By Jessica Plhak
About a year ago, I sold my soul to Apple and bought an iPhone. I’m not sure why exactly, but I suspect that Steve Jobs had been bombarding the public with subliminal messaging in Apple’s seemingly innocuous advertising campaigns. Hidden in those harmless ads with cool Mac representative Justin Long and his geeky PC companion were Satan’s marketing gurus, chanting “Buy! Buy! Buy!”. This is my most reasonable explanation for the uncontrollable lust I felt for a piece of technology that is only slightly smaller than a pocket map book.
I remember the day that I found out that Apple was releasing the iPhone in Canada. After never wanting a smart phone before, I could barely think about eating, sleeping, and my day-to-day commitments. I wanted that phone more than I wanted to breathe. It was like the falling in love with the perfect man from a magazine advertisement who claimed to be able to organize my life, entertain me, and evolve with me as I customized him with endless clever applications. With one touch, he would tell me what song was playing on the radio. With another, he would tell me what the best route to the office was. With another stroke he would feed me my email. He would serenade me with my favourite music and recommend the best restaurants. All this while presenting himself in a sleek and sexy package that could fit in my pocket.
Suddenly all I could think about was owning one. I was convinced that the iPhone would solve all the minor annoyances in my life and complete me in the way that nothing else could. The iPhone would be an extension of my very soul and being..
I was obsessed.
It was so bad that I even took the release date off work to line up with the masses in the hopes of obtaining one of these rare technological unicorns. I see now how sad my predicament was. I was hopelessly in love with something that I knew next to nothing about, and would never love me back. It was the worst kind of love affair, destined for heartbreak.
As fate would have it, I didn’t get my iPhone that day. After three hours of standing in line only two people had left the store with smiles on their faces and glossy little Apple-issued boxes in their hands, I left… dejected.
A couple of weeks later I bought the phone. I signed up for another three years with my provider, “upgraded” my plan so it would work with my new phone’s oppressive needs, and forked over a couple hundred bucks to be one of the first kids on the block with a new toy.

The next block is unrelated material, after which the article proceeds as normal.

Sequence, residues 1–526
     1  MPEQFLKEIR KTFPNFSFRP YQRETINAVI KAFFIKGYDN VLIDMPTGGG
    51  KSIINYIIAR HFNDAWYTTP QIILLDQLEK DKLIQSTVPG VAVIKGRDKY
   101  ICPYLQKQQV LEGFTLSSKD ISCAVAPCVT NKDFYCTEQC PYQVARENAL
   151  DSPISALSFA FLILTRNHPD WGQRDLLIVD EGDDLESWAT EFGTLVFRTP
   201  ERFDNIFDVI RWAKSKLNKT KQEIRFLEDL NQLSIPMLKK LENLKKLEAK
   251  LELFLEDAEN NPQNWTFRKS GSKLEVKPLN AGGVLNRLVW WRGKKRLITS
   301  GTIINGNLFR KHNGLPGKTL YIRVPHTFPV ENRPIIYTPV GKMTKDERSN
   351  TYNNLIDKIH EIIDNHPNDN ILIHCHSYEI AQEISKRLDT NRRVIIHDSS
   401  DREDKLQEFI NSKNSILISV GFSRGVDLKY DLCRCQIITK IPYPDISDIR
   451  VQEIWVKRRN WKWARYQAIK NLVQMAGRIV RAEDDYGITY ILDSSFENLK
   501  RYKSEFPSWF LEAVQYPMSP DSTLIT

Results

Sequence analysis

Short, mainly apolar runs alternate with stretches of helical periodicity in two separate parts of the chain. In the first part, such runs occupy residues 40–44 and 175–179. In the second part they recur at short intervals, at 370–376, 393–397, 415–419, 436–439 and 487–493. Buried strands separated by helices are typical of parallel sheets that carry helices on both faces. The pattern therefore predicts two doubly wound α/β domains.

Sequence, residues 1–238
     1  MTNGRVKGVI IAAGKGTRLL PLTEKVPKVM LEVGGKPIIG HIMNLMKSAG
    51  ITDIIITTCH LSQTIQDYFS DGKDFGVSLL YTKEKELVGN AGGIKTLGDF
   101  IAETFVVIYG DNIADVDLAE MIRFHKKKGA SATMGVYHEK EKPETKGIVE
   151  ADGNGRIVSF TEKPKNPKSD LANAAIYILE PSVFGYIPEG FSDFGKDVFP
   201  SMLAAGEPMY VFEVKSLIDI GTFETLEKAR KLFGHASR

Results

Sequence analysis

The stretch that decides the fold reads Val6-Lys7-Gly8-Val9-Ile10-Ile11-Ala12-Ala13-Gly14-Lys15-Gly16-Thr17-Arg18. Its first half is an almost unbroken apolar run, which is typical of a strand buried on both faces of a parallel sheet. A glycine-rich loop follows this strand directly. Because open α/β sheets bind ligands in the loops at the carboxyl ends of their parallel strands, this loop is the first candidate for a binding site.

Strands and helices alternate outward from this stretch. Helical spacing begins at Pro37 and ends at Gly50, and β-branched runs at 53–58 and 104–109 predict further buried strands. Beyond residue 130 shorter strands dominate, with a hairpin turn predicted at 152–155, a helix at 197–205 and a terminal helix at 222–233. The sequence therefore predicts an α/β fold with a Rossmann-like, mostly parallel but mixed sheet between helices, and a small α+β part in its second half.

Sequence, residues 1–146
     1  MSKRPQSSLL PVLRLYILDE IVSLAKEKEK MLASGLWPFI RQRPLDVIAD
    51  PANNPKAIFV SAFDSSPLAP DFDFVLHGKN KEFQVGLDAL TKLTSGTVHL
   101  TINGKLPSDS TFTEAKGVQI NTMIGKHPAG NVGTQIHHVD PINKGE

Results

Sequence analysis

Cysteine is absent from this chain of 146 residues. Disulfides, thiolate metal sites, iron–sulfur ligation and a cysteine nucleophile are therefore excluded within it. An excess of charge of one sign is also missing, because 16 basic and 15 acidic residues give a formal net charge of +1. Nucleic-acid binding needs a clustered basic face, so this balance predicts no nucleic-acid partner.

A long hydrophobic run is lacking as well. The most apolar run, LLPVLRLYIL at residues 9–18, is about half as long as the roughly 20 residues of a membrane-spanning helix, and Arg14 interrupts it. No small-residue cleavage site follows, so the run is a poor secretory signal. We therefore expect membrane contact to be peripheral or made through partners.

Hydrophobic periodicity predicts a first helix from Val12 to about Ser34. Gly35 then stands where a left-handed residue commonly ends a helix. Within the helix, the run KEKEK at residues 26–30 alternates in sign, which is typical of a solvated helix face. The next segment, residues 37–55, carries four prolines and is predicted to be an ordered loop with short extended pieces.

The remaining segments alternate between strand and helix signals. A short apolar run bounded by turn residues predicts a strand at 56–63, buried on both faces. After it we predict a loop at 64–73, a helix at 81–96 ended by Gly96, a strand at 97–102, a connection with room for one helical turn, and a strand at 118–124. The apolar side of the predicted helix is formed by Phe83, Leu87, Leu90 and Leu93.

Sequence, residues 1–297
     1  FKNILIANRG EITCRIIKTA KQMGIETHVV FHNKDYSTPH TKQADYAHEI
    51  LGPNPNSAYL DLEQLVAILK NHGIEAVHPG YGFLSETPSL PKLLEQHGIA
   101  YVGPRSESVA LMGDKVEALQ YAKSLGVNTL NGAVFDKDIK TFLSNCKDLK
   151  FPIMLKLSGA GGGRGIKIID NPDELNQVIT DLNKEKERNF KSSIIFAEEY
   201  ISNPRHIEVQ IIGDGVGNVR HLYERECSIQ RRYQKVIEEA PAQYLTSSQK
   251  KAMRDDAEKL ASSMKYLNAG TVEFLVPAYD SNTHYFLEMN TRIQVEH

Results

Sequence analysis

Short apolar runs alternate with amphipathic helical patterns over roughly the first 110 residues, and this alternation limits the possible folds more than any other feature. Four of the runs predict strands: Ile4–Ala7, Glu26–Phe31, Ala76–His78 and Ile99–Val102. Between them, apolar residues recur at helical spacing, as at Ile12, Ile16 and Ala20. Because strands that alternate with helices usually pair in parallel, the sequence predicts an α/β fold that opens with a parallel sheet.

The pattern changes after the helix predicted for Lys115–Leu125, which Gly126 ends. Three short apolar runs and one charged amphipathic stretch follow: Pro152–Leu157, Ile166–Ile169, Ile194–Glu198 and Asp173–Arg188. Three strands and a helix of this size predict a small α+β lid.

After a few short months, I realized how much of a sucker I was. The novelty of the phone’s features and gimmicks were eclipsed by the realization that it was costing me way more than it was giving me. Some months, my phone bills were half what my new car was costing me (insurance included). And although the phone enabled me access to a world of information in seconds, it was not nearly as useful as reliable transportation.
But still: I pay. And sadly, although I now loathe my electronic leash, I can’t imagine life without it.
I remember the days of my childhood. I remember days when answering machines were a novelty. Days when your house phone would ring endlessly and lonely in your absence. Days where you had to make plans with people in advance because if you didn’t catch them at home, you’d have to keep calling back. I remember the transition to touch-tone, cordless, and the first cellular phones. My father had one of these electronic beasts in his car. The phone was the size of a small suitcase, weighed almost as much as a dog, and only worked when it was in the car. I remember it being kind of a big deal, compete with bragging rights.
Decades later, if I suddenly wonder what the weather is like in Tokyo while riding the subway I know in less than 30 seconds. I can win an argument in moments. I can send an email while laying on the beach in Aruba. I can receive a text while standing at the top of the Eiffel Tower. I can submit a progress report or mission statement while rafting down a river in the wilderness. There are even add-on applications that would allow me to track where my friends are, or allow them to track me.
Although it’s great that everyone is now totally accessible at any time of day, there are also obvious drawbacks. Namely, that everyone is now totally accessible at any time of day. Gone are the days of missed calls, of going to the grocery store to buy three lemons without being called by the office, of looking up the information that you need in books, of planning your life in advance, and of enjoying a peaceful vacation away from your everyday life.
And despite all this… I love the phone. It’s often the first thing I reach for in the morning, and the last thing I touch before I sleep. In fact, in the wake of the release of the new generation of iPhone, I researched how it greatly surpasses my own “dinosaur” of a phone and succumbed to unbelievable pressure. Knowing that I couldn’t afford the upgrade, I rationalized the expense even though there is no rational need. I’m embarrassed that in six months my new behemoth of a phone will be obsolete, just like its predecessor, and I will be forced once again to confront my own terrible weakness and purchase another piece of over-priced technology is. .
Dear Apple, I am your filthy plaything.